3. Marie-Michelle Duteau (1639-1705, 8th great grandmother) - older sister of Madeleine Duteau, married Michel Lemay (both an 8th and 9th great grandfather, whose second wife was Michelle Ouinville, herself a Filles du Roi, and the widow of Nicolas Barabé also an 8th great grandfather!);
  4. Geneviève Gamache (1635-1709, 9th great grandmother) - married to Julien Fortin II in 1652 who was a butcher;
  5. Jeanne Bitouset (1636-1707, 9th great grandmother) - married Louis Guimond in 1653, who started the cult of miracles at Saint-Anne-de-Beaupré, and was murdered by the Iroquois;
  6. Jacquette Tourault  (1612-1670, 10th great grandmother) - who was the widow of Pierre Jaroussel in France, and was a Fille à Marier along with her daughter, Suzanne.   In New France she married Jacques Previrault in 1653, but was widowed again a month later.  She then married Maurice Arrive;
  7. Suzanne Jaroussel (1641-1694, 9th great grandmother) - daughter of Jacquette Jaroussel née Tourault (also a Fille à Marier), she married Pierre Joinault in 1654.   Like her mother's first New France husband, he died shortly after the wedding, and like her mother, remarried, this time to Simon Lereau in 1655;
  8. Catherine Méliot  (1645-1699, "non"-wife of 8th great grandfather) - she's not a direct ancestor but has an interesting connection to the family tree.   Upon arrival in New France, she was contracted to marry Jean Routhier, and did in 1662.  He later died in 1677, leaving her with six children.  She then married 21-year old François Fréchet (an 8th great grandfather), but in the space of a month, had the marriage annulled and had married Pierre Bouvier.   (More on the annulment in a later post!)
  9. Anne Émard (1627-1700, 9th great grand aunt).  Her sister Madeleine was the wife of Zacharie Cloutier, whose brother Jean is my 9th great grandfather.   (Her sister isn't a Fille à Marier because her marriage took place in France and they emigrated to New France as a couple.)   Her case is interesting because of her husband, Guillaume Cousture who she married in 1649.   Prior to this, Guillaume had been a Jesuit priest for nine years and a carpenter at the Mission of Saint-Marie.   In 1642, he, two other priests and 19 men from the Huron Mission were attacked by the Iroquois.  Cousture shot and killed an Iroquois chief, and was subsequently tortured.

    However, because of Iroquois tradition, he was sent to another village and offered to the widow of the warrior he had killed.  She adopted him into the tribe and nursed him back to health.  He used this opportunity to learn the language, culture and beliefs.   Three years later, he returned to Trois-Rivières to negotiate a peace (which lasted only a year), and Fr. Cousture asked to be relieved of his vows in order to marry an Iroquois woman (although it is not clear whether this actually occurred).   He continued - after his marriage to Anne - to work as a diplomat between the French-Canadians and the Iroquois.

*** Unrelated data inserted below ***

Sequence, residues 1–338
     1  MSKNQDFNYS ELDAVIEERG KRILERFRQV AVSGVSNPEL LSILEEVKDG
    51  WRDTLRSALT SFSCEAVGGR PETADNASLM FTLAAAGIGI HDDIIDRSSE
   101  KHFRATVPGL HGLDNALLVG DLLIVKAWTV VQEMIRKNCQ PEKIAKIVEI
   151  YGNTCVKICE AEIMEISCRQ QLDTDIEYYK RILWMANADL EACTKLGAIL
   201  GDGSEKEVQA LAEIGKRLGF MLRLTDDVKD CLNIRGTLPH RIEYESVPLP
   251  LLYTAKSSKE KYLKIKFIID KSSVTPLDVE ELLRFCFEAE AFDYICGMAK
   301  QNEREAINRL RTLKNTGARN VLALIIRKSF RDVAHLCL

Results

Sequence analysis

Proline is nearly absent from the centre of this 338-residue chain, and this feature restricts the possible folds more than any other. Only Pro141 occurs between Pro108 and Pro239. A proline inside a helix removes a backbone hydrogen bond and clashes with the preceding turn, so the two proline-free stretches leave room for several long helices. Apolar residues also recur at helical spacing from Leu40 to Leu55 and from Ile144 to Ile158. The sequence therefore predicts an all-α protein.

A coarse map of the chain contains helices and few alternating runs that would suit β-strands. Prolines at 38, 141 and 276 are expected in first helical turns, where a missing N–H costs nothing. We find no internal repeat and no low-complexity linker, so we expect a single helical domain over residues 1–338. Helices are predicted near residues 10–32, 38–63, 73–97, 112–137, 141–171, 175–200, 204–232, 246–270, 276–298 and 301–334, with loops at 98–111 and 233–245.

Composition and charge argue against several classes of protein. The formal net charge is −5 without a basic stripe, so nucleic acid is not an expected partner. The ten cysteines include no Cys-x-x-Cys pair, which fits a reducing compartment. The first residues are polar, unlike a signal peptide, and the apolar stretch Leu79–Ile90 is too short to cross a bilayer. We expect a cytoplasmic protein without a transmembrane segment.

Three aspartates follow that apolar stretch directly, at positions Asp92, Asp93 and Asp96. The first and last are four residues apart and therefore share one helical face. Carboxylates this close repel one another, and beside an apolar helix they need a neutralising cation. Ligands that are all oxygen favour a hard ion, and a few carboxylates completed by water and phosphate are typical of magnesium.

10. Marie-Charlotte de Poitiers (1640-1718, wife of 10th great-grand uncle) - she married Joseph Hébert in 1660 after arriving in 1659 (age 19).   Her marriage wasn't a happy one;  after giving birth to a son Joseph in 1661, her husband was killed in an Iroquois attack.   Her cousin Catherine de Belleau was a Fille du Roi and married Joseph's half-brother Alphonse Morin.
After 1663, a more-ambitious program of porting women to New France for the purposes of marriage began, this time with the direct support of the French government:  the Filles du Roi.

Friday, November 29, 2013

Louis Guimont (c 1625 - 1661, 9ggf)

Probably the most famous of my direct ancestors is Louis Guimont (c 1625-1661), son of François Guimont (c 1595-1630) and Jeanne Delauney (c 1595-1629).   He was born near Champs, in the Orne region of Lower Normandy in France, and according to some accounts worked as a domestic under the employ of Mathurin Mauduit at his estate (Mulotière) located a few miles from Tourouve.
Location of Champs in Lower Normandy.
Paris is about 100 km to the east.

He became interested in emigrating to New France after meeting recruiters for colonization, in particular, Nicolas Juchereau, the brother of Jean Juchereau who was the general clerk of the storehouse in New France, having settled there in 1634 with his wife and family.   On February 17, 1647, he signed a six-year contract to work as a laborer for Juchereau in New France.   The contract provided Guimont with passage to Québec City, a sum of 40 livres each year, a pair of shoes and a wool suit (for the entire term of the contract).

He left France from New Rochelle on June 6, 1647 for the 60-day journey to New France.   The ship also carried Jean Malefant (also under a 5-year contract with Juchereau) and Pierre Tremblay, himself the ancestor of what would become the largest French-Canadian family.  They arrived at Québec on August 6th of that year.

Shortly before his contract ended, he married Jeanne Bitouset (1636-1707) a "Filles à Marier" (not to be confused with the "Filles du Roi") who had arrived in Québec herself in 1652, at the chapel of Saint-Jean at the Coast of Sainte-Geneviève in Québec on Feb. 11, 1653.

There, for the next three years, he rents a plot of land from Martin Grouvel, clearing the land (for 120 livres for each acre cleared) and planting crops (shared with his landlord).    During this period, his first three children are born:  Jacques (born 26 Sep 1653, and dies a week later),  Joseph (born 19 Oct 1654), and Louise (born 28 Aug 1658).  His youngest son, Claude, was born in 1660 - and is my 8th great-grandfather.   In October 1657, he purchases five acres of nearby land from Louis Brouchard.